Obviously any serious examination of this topic would at this point go on to address the issue of what happened after those 8,000 Israelis were uprooted from their homes and livelihoods in the Gaza Strip (along with residents of four communities in northern Shomron which Sykes and his guest appear to have forgotten) twelve years ago. Such a discussion would have to address the fact that the move did not advance peace and in fact the number of terrorist missile attacks on Israeli civilians increased. It would also have to address the fact that international bodies and nations which lauded the Gaza disengagement, promising understanding should Israel subsequently have to act against terrorism in Gaza, quickly swapped that pledge with condemnation.

Sykes, however, chooses to ignore those inconvenient facts, opting instead to reinforce his messaging.

Sykes: “Daniel Seidemann. And the recent retired director of the Mossad – Israel’s equivalent of MI6 and the CIA – Tamir Pardo, said last month that the occupation and conflict with the Palestinians was – as he put it – Israel’s one existential threat; a ticking time-bomb. But there are non-negotiable absolutists on both sides here. Palestine is Palestine from the River Jordan to the sea. And this is Jewish land: God gave it to us.”

Remarkably, only the Jewish “absolutists” in Sykes’ portrayal are religiously motivated.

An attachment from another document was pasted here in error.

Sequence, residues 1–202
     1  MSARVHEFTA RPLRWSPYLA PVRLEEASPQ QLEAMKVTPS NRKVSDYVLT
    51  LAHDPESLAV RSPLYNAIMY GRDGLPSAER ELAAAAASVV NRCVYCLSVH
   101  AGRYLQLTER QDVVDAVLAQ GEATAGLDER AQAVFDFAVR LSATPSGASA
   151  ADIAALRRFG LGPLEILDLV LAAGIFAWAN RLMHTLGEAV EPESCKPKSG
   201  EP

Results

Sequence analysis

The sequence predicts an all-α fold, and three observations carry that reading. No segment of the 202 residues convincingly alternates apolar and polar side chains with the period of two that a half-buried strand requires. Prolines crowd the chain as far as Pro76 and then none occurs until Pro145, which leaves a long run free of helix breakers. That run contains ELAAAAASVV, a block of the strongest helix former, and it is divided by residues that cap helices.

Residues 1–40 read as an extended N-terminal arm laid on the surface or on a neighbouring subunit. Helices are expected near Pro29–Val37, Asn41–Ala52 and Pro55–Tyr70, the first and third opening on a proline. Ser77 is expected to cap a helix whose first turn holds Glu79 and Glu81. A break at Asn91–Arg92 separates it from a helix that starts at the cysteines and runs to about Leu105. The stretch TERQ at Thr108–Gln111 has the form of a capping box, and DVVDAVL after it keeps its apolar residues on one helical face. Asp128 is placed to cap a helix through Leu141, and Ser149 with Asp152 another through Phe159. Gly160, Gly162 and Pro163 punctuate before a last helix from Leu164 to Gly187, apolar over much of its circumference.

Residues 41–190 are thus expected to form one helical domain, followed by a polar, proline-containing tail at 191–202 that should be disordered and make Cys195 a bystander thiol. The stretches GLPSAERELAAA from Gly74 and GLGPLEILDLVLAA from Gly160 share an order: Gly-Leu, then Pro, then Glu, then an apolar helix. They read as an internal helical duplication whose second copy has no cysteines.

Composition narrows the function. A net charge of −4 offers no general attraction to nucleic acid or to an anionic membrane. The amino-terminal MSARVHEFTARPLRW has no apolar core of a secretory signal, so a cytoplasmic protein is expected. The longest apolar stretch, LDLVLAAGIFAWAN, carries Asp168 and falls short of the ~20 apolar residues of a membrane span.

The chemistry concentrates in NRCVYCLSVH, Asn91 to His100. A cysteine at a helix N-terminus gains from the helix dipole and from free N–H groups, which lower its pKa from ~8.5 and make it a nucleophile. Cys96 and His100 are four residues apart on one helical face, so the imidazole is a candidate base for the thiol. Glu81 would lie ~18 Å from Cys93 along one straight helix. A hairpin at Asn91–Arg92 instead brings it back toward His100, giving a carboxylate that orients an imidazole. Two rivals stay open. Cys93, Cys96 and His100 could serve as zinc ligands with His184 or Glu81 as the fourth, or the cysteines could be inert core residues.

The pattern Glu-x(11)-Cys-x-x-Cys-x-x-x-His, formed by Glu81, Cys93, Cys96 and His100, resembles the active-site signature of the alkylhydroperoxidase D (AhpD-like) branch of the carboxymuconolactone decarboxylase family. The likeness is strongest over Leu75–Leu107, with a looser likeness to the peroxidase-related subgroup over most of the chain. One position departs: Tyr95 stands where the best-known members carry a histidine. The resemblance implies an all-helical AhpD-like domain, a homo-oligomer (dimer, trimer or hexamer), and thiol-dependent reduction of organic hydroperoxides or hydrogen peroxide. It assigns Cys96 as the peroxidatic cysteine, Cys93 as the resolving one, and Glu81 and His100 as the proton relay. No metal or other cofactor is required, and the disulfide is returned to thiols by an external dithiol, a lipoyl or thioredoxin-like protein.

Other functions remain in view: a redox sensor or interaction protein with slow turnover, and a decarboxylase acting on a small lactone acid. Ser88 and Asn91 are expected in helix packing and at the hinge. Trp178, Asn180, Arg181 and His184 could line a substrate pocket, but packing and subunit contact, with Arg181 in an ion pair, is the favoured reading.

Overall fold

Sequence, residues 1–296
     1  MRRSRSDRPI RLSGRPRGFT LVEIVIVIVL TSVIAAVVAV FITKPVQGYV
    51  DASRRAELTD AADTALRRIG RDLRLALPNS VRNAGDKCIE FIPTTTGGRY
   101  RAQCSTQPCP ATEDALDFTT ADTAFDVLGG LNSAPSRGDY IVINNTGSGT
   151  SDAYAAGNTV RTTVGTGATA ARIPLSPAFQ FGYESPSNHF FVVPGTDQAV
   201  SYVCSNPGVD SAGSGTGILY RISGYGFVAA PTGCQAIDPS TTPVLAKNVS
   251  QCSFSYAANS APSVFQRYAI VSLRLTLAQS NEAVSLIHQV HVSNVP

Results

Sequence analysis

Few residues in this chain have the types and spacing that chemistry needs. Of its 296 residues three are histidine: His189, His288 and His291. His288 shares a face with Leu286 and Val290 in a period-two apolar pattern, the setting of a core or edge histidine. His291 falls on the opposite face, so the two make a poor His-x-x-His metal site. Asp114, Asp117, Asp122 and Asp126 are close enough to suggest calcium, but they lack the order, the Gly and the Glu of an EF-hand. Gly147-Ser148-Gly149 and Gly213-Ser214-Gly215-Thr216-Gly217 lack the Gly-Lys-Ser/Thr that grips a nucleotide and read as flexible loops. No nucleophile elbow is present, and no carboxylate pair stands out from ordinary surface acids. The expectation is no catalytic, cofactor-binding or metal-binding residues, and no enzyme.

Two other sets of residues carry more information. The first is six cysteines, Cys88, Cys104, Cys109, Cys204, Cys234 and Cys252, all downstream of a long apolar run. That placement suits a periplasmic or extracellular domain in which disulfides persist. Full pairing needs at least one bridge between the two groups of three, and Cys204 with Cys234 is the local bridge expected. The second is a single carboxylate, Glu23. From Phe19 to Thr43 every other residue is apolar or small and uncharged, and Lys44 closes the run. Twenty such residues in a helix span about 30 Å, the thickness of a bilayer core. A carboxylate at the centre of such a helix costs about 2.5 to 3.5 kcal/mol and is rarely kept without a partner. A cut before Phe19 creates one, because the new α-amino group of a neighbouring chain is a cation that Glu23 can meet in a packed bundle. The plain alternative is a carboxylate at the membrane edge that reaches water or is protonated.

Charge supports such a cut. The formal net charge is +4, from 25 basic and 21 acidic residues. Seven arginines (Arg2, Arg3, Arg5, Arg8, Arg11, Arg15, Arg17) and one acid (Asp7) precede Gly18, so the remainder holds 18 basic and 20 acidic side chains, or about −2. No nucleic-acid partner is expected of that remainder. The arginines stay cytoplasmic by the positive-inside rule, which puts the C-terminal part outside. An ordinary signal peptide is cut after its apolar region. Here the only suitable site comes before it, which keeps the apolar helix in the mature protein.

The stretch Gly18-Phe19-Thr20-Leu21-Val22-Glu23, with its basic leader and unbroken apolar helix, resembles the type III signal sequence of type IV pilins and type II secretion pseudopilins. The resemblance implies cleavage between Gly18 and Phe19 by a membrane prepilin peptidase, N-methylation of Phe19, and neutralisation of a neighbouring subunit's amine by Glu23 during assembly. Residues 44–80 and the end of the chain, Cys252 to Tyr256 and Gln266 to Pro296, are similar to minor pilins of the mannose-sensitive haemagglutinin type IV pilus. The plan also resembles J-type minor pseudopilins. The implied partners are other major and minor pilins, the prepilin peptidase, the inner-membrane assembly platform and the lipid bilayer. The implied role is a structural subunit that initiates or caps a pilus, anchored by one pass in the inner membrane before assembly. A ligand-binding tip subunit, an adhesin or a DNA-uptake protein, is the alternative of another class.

Sykes’ last contributor is Jerusalem Post journalist Amotz Asa-El. During their conversation listeners hear the following:

Sykes: “Does the compromise include having Jerusalem as the capital of Palestine and of Israel?”

Asa-El: “I can envisage splitting it, which I’m told is simpler to do than to share.”

Nevertheless, at the end of the item Sykes inaccurately sums up that response as follows:

Sykes: “Amotz Asa-El raising the possibility that Jerusalem could be the shared capital of Israel and of a new state of Palestine.”

Obviously this report is yet another contribution to the campaign of opportunistic politicised messaging already seen on the BBC News website. It too advances a narrative according to which the modern-day conflict is exclusively rooted in the outcome of the inadequately explained Six Day War – in particular the ‘occupation’ and ‘settlements’ – while erasing from audience view the underlying and far older refusal of Arab states and Palestinian leaders to accept and recognise the existence of the Jewish state.

Sykes’ second report of the day will be discussed in a future post.

 

BBC News coverage of terrorism in Israel – April 2017